Could you tell us about your background?
My name is Jerusalem Tesfai. I was born in 1980 in Addis Ababa. I came to Eritrea in 1982 with my parents. That time, with due to the repression by the Ethiopian occupation force, it was very difficult to live in Asmara and we were forced to flee the country and go to Sudan in 1985. And from Sudan I along with my two sisters and mother we were settled in the US.
What happened then?
We joined school. In the beginning we found it hard to learn the language but later we learned the English language the hard way. Life was also very difficult. But through time we were able to settle our life.
The students were very outstanding and I had to exert extra power to compete. But with hard work and strong will I was able to finish my secondary school education. I was also assisting my sisters because I was in a better position than they were.
I finally received a scholarship to study Bio-chemistry for five years. In my college years I had to face many challenges because I was the only black student. Besides the very fact I was female I had to endure extra challenges. Bu I finally I came out successful.
After that my inclination was to conduct researches on different medical aspects with regards human bones. To this end I started working as an assistant to one professor on that field of study. We were conducting research on rats to study on how and how much time does it for a bone to fix. After conducting three years research I was back to school. And that was the time I started to follow the situation in my country. I joined the YPFDJ. When you are not in your country working in an organized manner is the only way of working. If you are going to say “I am an Eritrean” you have to ask who you are and understand your culture and history. When I was a kid I had all the picture of country. When I was in Sudan we had the chance of observing cultural troupes performing and attending seminars and with that I had the understanding on what was going on in my country.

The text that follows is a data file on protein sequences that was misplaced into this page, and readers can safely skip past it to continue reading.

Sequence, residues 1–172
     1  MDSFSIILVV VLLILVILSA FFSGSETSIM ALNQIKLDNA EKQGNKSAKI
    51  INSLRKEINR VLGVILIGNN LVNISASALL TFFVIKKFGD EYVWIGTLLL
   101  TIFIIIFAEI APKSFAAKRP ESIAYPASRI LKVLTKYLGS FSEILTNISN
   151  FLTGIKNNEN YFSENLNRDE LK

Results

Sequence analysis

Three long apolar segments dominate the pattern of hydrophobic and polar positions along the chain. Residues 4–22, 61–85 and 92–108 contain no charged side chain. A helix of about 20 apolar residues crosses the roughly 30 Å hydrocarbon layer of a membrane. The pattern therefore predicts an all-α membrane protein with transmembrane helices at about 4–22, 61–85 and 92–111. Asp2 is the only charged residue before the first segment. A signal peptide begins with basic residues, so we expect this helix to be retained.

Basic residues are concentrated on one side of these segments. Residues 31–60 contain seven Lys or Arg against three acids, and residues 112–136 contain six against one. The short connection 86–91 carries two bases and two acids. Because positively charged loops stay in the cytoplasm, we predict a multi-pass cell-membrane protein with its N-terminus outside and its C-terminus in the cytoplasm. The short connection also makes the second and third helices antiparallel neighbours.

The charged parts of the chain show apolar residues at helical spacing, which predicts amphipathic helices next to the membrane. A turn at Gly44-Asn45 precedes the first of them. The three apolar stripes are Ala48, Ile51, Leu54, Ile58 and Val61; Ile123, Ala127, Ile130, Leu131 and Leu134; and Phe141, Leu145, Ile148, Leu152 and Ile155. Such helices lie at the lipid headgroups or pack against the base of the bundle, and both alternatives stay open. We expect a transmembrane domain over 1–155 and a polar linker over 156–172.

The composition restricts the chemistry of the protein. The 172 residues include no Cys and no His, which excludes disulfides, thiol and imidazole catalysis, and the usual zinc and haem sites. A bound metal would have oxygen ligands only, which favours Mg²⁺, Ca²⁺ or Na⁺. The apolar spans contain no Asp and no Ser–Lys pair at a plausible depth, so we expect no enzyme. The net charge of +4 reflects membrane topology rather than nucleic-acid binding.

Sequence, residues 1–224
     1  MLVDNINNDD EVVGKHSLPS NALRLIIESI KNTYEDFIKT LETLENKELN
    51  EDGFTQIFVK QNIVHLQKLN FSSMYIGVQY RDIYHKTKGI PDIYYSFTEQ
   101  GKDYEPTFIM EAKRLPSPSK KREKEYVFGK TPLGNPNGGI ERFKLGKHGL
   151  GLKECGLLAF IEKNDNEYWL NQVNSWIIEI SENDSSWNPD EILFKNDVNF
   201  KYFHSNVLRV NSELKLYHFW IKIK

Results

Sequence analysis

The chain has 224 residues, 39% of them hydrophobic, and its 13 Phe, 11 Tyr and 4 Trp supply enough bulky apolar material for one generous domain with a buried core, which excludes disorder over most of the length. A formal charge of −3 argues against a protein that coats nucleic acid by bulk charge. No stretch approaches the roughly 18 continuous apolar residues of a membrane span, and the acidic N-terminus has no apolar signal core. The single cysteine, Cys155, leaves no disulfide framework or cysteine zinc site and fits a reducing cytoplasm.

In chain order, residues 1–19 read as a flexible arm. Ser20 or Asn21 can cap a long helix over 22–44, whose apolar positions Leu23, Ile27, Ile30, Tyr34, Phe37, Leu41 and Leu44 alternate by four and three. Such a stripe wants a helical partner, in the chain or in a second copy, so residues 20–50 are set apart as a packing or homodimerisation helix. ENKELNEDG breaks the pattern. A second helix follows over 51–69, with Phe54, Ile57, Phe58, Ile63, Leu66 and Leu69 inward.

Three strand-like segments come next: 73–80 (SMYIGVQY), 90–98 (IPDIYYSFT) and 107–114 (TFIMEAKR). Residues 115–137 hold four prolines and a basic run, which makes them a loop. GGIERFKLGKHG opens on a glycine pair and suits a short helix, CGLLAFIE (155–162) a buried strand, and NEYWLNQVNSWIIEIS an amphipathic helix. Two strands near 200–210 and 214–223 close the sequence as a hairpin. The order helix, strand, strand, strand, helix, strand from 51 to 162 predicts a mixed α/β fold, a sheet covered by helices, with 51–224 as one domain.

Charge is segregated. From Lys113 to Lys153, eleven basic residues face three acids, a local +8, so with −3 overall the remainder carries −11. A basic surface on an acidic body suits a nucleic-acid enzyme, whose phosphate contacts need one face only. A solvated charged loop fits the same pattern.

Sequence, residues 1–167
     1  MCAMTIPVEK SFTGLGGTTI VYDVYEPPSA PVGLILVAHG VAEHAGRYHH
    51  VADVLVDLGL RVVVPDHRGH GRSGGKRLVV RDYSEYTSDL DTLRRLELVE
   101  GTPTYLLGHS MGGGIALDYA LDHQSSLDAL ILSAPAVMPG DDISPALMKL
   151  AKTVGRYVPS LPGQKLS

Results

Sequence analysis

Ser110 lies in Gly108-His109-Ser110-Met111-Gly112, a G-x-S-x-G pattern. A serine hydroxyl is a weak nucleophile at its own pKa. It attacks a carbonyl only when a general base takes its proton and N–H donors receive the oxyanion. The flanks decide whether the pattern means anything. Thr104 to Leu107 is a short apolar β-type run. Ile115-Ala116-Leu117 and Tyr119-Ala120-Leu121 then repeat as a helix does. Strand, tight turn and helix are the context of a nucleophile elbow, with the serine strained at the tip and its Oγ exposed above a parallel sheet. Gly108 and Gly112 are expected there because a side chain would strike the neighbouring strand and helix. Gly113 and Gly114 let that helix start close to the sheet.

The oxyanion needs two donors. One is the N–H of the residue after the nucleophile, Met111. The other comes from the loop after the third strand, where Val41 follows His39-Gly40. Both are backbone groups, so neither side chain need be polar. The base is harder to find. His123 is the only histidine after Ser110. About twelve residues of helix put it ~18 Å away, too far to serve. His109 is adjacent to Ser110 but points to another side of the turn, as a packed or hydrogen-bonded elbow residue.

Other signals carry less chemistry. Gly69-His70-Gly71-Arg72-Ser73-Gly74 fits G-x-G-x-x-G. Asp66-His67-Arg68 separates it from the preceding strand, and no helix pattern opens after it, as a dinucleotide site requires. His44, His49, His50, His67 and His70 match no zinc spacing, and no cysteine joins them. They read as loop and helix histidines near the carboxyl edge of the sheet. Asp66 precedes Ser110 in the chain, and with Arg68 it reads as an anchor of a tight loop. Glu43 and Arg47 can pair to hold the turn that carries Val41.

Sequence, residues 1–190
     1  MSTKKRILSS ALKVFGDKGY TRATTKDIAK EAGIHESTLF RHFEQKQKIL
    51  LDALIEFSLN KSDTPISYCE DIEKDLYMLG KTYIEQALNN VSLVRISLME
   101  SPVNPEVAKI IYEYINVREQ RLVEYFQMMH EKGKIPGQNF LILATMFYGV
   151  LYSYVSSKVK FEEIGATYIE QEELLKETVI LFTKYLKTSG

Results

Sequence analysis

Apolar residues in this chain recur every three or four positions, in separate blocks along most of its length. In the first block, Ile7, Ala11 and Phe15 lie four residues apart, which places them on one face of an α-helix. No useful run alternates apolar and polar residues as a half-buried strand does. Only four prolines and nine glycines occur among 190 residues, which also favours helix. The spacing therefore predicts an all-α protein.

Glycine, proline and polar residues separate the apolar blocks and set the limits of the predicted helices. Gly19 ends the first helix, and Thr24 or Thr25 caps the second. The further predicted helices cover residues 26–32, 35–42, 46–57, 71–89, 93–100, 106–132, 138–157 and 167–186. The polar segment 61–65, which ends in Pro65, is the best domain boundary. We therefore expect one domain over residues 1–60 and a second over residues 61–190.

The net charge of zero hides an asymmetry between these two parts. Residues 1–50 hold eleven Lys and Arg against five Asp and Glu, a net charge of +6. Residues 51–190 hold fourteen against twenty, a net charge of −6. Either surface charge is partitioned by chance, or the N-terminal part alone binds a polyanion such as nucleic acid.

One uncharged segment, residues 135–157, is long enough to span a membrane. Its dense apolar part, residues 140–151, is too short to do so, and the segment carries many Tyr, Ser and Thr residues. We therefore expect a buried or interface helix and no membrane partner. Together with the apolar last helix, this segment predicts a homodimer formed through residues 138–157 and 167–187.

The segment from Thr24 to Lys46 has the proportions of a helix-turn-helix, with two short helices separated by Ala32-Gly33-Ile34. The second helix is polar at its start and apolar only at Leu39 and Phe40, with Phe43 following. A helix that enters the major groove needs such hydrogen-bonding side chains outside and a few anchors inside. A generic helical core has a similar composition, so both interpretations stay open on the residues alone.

What activities were you performing?
I was telling my school mates about the situation in Eritrea. I was also conducting seminars. We were also including with us some African Americans. We also participate in their activities as part of exchanging experiences.
Let us go back to your education. You said you were back to school.
I joined college for my PHD. I learned for another five years. And again with hard work I was able to succeed.
What is the purpose of your coming here?
I had a dream that after completing my education to come to Eritrea and contribute something. And I decided to come before I start working because if I did start work I won’t have much time.
And I am here to teach at Orota Medical School for a year.
So how do you feel for you are realizing your dream?
Very exited. And I feel satisfaction for realizing my dream and living with my people. I was also able to see first hand historical places. And I am very glad.
Thank you very much!